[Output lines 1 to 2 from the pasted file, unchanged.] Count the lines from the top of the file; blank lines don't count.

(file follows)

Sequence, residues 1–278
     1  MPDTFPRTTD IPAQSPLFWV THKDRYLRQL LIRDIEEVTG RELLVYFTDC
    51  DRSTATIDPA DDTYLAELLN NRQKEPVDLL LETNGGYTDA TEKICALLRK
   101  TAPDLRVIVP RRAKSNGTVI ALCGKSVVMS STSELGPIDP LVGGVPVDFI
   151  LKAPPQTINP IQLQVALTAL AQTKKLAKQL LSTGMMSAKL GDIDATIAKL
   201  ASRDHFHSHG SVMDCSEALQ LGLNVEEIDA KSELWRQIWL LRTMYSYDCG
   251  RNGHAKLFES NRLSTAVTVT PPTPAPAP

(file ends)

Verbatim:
Sequence, residues 1–278
     1  MPDTFPRTTD IPAQSPLFWV THKDRYLRQL LIRDIEEVTG RELLVYFTDC